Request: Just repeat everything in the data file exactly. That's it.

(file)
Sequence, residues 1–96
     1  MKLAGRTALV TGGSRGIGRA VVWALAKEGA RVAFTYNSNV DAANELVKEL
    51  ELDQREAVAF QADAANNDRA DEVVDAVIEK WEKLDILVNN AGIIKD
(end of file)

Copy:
Sequence, residues 1–96
     1  MKLAGRTALV TGGSRGIGRA VVWALAKEGA RVAFTYNSNV DAANELVKEL
    51  ELDQREAVAF QADAANNDRA DEVVDAVIEK WEKLDILVNN AGIIKD